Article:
Talking about things

eBooks in Australia are ready to take off

A friend recently asked about our experience with eBooks and I thought it would be interesting to post my reply here as well.

I’m a big fan of eBooks, and am looking forward to the day they hit critical mass in Australia and we can actually start to buy them big time.

That’s not to say don’t I love paper books. I do, and I love the fact that you can pick them up and carry them around and you don’t need any technology— power, batteries or reader— to read them (not counting my glasses, if you want to call that technology). But I like eBooks too, and am happy to buy them if the price is right. Often I find if I get a cheap eBook that I like I will purchase this and other books by the same author in paper. I did this earlier this year with Namoi Novik’s His Majesty’s Dragon, which I first read when it was available through the Suvudu Free Library.

Availability of eBooks

  • eBook readers have really only arrived in Australia in the past 12 months. The first was the Kindle, which arrived in October last year, and Borders had the Kobo coming around the same time as Apple released their iPad and suddenly you can get eBooks anywhere
  • Just because you had a reader, didn’t necessarily mean you could get anything to read on it. I remember looking at the Borders site when they first started demonstrating the Kobo, and there was nothing, just lots of ‘coming soons’
  • The Apple eBook store opened last month
  • Finally, just before Christmas 2010, we actually getting some books to buy
  • Finding eBooks is hard. Have you ever tried to find an eBook in iTunes? I don’t understand why Apple doesn’t simply create another menu option. If eBooks grow like music has, surely hiding them under Apps isn’t the way to sell them. Or maybe they think no-one buys books any more and it’s a niche market. I find it difficult to find books in general, and have to say that I find Amazon’s site easiest to find books under
  • Insofar as my own buying of eBooks to date, I have not bought any electronic books from any of the the big publishers or booksellers. My buying has been from niche publishers, books I wouldn’t get any other way

Price points

  • eBooks are still way too expensive. When I can buy the paperback version from the Book Depository for two or three dollars cheaper than I can buy the electronic version (and have it posted free), what do you think I’m going to do? I’ll opt for the dead tree version every time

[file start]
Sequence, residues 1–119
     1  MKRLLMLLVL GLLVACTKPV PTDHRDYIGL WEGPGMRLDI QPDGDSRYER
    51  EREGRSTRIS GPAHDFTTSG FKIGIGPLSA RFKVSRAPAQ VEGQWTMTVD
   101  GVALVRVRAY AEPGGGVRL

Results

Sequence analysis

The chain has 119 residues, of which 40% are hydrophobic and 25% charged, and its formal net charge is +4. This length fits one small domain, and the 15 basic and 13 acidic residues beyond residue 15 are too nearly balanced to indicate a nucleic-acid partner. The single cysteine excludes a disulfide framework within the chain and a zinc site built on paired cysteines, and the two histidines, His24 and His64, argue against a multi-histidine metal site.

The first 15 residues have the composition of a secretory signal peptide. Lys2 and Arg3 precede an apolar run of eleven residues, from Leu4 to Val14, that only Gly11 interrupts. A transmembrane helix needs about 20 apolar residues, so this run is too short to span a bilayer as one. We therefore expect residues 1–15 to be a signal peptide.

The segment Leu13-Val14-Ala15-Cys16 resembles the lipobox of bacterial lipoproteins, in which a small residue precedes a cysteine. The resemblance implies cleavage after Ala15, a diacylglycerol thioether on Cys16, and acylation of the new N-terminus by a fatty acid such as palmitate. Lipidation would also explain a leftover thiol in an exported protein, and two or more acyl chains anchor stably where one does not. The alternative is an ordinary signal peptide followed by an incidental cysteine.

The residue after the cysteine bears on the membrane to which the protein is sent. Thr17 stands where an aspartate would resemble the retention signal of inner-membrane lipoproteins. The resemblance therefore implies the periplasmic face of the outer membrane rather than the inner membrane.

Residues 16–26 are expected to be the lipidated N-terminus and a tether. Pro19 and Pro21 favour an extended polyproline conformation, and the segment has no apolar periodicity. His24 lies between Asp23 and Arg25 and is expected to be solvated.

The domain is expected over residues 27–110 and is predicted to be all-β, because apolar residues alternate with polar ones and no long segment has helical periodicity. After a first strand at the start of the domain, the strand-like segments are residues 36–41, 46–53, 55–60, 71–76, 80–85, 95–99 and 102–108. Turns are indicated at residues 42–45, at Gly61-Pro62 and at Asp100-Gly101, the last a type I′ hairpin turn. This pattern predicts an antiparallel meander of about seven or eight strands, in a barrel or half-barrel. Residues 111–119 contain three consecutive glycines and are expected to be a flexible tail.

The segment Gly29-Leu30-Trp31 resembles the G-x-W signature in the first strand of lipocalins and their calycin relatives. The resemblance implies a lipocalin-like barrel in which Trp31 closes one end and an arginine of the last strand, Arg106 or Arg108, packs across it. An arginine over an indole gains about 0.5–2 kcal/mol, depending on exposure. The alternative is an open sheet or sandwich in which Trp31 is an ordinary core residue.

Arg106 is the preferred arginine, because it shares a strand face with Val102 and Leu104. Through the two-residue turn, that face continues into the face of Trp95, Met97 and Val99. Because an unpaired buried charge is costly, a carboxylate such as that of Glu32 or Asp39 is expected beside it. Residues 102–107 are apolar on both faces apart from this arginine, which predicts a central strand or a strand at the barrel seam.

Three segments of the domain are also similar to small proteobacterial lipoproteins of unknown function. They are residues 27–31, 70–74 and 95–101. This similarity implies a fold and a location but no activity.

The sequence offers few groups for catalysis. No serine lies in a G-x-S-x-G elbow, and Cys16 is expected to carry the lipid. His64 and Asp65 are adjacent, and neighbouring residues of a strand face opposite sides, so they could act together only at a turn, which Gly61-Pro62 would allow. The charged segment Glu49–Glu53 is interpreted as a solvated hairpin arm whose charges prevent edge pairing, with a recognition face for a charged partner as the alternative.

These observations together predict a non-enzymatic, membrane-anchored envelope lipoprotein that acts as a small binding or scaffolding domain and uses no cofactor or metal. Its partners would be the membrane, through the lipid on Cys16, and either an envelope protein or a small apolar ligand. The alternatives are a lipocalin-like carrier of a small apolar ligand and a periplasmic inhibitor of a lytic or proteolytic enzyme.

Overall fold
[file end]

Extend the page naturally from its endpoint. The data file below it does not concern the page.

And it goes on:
• In a recent survey Andrew Burt, captain of the Critters online writing workshop, found that 93% of people thought $4.40 was a fair price for an eBook, with the price going down for older works. While I’d be prepared to pay a bit more for newer novels ($2 below the paperback price is my ideal), I have definitely found that I’ll pay around $4.00 for an older book that is released in electronic format. In fact, right now I’ll happily do that for all the old classics I have stored in boxes in my garage. (By classics I mean the books I grew up with. Charles Sheffield, Vernor Vinge, Nancy Kress)


  • Digital Rights Management issues are still a minefield. Just be sure that you can actually read what you buy
  • After the 1984 fiasco with Amazon I’m still not comfortable with them being able to take back something that I have bought, even if they didn’t have a right to sell it in the first place
  • I notice you can buy eBooks like Pride and Prejudice. Given that they’re in the public domain, I can’t see how some people get away with doing this. Sure, few people do it, and they don’t cost much, but still. If it’s out of copyright you will be able to get it free from somewhere


  • What a nightmare. I’m sure the formats will finally settle (remember VHS and Beta anyone, or Blu-ray vs HD-DVD?) and we’ll end up with one formats. I’m tipping it will be ePub, with maybe mobi (Kindle) and PDF as contenders for a very long time. I’m lucky though. I’m pretty good at the technical stuff and if I choose the wrong format I should be able to still convert my documents to whatever the new standard becomes. Most people don’t have that option. They’ll need a program that does the ePublishing equivalent of transferring video to DVD.
  • Think carefully about the format you want to use. Amazon sell a proprietary format (mobi I think) while Apple do ePubs and other places do other things. Notwithstanding Amazon, who started early and have a huge proportion of the market because of this (and because of the way they discounted books to start with). If you buy books from Amazon Amazon keep the books on their server and can take them back at any time (remember the fuss about 1984 a couple of years ago)

Out of print books and niche books